Aging can be liberating, the crowning of a lifetime, a fruition of a life fully lived. We can finally live the way we want to live. But aging can also bring many changes at a time when we are least able to adapt to change. Hospitals, nursing homes, healthcare, Medicaid, falls, broken hips, wheelchairs, walkers, and canes. Hospice, living wills, assisted care, night time driving, independence and salesmen. The deaths of lifelong friends, the inability to go to a funeral for a last good-bye. Lots of time on your hands to reminisce, a worsening loss of memory. Aging can bring deep sadness, grief, frustration and despair not only to the aging person, but to their family.
What's it like to lose your partner, friends, job, brothers and sisters, your sight, teeth, appetite, sense of taste, your legs? In trying to cope with growing old, what helps? What wisdom and insight can all of us gain from this process?
In some ways, prejudice against the aged is more ingrained and unexamined than racism, sexism, and homophobia. What can we do to help make the last years of life the best years of life? How can we transform institutions for elderly care from impersonal warehouses to homes away from home?
It has been estimated that more people in the United States are caregivers to the elderly than to small children. The care itself can be an even greater commitment of time, effort, and sacrifice. To want to do more, do better, spend more time is the vexation of most support givers to an elderly family member. Our fast changing culture has forever changed how our aging loved one's live and die. Can people now die with dignity, serenity, and grace? What can a family do?
Some of the most compassionate counselors work with aging people. The grief, regrets, and losses that aging people experience sometimes need a helping hand. So if you want help for an aging loved one, how do you get it? What do you do? A good start is with yourself. Have you asked them yourself what its like to be them? Can you explore with them some of their scary thoughts, and their personal pain?
By exploring a little yourself, you can make a better decision about how to help. Most of the time, help begins with friends and family, through someone they can talk and share with, or by providing a plant, a pet, a new hobby. A counselor can also be a good start or second step. A counselor who specializes in working with aging people are a great resource for gaining a better understanding, they can be a resource for learning how to help the ones we love.
One thing we can all be sure of is: if we're alive, we will age. In a society that celebrates youth as ours does, it is often hard to face the reality of aging.
People in the US spend billions of dollars on beauty products believing if we look young, we will feel young, and feeling young is good. We don’t deal with death very well in our culture. The realities of aging remind us of our mortality, and so many of us do all we can do to avoid facing that aging.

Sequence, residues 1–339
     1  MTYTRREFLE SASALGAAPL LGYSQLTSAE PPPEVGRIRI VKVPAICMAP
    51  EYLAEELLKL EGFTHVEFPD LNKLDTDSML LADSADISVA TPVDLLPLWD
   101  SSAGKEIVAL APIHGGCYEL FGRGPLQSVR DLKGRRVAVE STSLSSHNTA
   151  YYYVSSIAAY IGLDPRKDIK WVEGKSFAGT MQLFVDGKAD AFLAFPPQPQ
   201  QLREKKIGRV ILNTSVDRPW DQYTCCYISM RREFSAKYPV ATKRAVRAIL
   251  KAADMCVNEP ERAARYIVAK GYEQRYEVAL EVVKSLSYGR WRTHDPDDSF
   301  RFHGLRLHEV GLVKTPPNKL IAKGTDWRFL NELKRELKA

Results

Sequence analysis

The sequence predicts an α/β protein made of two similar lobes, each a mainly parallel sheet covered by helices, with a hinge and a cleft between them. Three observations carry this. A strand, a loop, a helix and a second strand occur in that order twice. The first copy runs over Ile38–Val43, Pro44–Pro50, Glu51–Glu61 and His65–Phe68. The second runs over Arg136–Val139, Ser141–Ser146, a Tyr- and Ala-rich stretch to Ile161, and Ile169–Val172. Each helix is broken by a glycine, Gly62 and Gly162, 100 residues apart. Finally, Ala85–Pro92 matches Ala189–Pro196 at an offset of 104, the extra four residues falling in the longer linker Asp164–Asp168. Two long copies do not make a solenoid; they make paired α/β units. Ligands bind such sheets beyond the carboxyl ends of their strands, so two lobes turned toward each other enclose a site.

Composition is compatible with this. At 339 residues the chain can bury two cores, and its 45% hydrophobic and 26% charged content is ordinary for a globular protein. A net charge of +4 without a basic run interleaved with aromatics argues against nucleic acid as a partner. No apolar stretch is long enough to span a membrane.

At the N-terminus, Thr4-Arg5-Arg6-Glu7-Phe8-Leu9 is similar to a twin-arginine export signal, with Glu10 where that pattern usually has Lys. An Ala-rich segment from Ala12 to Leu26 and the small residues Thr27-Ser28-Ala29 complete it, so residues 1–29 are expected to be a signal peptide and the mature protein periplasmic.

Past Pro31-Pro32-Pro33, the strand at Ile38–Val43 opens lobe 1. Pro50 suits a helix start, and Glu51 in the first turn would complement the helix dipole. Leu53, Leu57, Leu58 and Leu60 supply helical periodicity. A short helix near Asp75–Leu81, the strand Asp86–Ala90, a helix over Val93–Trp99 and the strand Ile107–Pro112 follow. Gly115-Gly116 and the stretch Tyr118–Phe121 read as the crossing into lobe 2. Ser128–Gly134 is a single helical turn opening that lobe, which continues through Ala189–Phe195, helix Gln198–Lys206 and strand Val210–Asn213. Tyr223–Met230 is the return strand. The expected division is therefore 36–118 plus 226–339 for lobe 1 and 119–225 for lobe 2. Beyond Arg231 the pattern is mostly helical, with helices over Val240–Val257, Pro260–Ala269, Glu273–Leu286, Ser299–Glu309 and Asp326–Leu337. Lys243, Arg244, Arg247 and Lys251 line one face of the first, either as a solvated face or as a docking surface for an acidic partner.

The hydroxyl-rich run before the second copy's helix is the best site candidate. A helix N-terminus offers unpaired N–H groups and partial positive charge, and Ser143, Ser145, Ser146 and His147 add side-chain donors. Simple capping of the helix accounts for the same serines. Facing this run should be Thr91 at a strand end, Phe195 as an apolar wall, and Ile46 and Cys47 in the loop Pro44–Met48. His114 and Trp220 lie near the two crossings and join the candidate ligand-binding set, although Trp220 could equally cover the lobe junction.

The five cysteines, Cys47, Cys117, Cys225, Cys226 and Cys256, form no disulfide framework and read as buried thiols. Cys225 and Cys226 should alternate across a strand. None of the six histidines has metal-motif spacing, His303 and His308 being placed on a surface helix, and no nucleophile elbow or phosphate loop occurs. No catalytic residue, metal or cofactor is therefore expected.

Refusal to accept the natural process of birth, growth, maturity, physical decline, and death can, in of itself, cause great distress for the elderly. Elderly people can also experience periods of depression, anxiety, and grief which can be natural consequences of living in an aging body, but there are also unique ways in which these common maladies manifest themselves in the elderly. Depression in the elderly often masquerades as dementia, the same primary symptom of Alzheimer’s. It is not uncommon for memory to fail as we age; by itself it is not cause for concern.
Alzheimer’s Disease: While not very common, is of great concern because the loss of control over our minds and bodies can be tremendously fearful. The primary feature is dementia, which plays into our fear of, "I'm losing my mind!" It also touches off our issues regarding being independent versus dependent on others. Unfortunately, our fear of Alzheimer’s causes us to confuse some common symptoms of easily remedied problems with those of the more serious illness.
Depression is far more common than Alzheimer’s. 13% of the elderly community (30% in medical settings), are depressed. Depression in the aging can develop for a multitude of reasons, including failing health, as part of grieving the loss loved ones, inactivity, and fear of pain or death. Older people find themselves in environments where it's hard to keep busy, or where little is expected of them. This inactivity can cause an onset of depression.
It’s important to pay attention to what's going on in our bodies, and be open in pursuing assistance from medical or mental health professionals. We can live a good life, our whole life, if we can face the changes in our bodies, adjust to new lifestyles, accommodate our diet, support our physical needs, and face our mortality, utilizing our personal spiritual beliefs to help contend with the inevitable.